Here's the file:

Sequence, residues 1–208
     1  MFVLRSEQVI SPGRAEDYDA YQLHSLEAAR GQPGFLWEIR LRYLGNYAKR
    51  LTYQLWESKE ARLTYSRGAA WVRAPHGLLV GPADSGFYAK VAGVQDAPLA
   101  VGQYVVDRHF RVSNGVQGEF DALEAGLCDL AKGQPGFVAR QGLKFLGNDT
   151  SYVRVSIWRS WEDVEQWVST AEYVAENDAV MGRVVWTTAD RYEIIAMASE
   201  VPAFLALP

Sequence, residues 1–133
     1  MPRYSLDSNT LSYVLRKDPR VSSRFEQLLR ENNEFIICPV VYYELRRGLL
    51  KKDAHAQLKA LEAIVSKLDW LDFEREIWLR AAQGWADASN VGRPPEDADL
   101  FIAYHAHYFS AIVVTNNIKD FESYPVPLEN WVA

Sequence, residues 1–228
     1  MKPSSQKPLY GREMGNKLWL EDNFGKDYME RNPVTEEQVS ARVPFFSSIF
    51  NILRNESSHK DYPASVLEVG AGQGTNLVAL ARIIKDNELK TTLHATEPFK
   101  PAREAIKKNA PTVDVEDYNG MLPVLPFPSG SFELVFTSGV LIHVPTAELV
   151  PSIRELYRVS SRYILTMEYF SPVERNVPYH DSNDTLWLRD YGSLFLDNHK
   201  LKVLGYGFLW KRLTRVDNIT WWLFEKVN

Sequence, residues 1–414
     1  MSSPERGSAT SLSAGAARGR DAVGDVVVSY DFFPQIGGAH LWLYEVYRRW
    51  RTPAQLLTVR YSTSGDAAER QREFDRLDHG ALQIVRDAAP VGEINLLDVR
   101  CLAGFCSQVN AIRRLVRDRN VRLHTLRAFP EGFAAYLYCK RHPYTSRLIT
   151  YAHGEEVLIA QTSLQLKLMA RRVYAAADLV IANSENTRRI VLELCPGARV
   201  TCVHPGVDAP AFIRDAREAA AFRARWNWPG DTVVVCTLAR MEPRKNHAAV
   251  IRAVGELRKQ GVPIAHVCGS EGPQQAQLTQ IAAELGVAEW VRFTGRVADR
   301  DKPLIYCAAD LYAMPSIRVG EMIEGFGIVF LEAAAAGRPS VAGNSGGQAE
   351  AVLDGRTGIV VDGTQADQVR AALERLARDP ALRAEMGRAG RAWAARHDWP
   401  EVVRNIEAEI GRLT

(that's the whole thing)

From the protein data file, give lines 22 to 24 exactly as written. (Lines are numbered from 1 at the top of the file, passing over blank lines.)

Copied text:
   201  TCVHPGVDAP AFIRDAREAA AFRARWNWPG DTVVVCTLAR MEPRKNHAAV
   251  IRAVGELRKQ GVPIAHVCGS EGPQQAQLTQ IAAELGVAEW VRFTGRVADR
   301  DKPLIYCAAD LYAMPSIRVG EMIEGFGIVF LEAAAAGRPS VAGNSGGQAE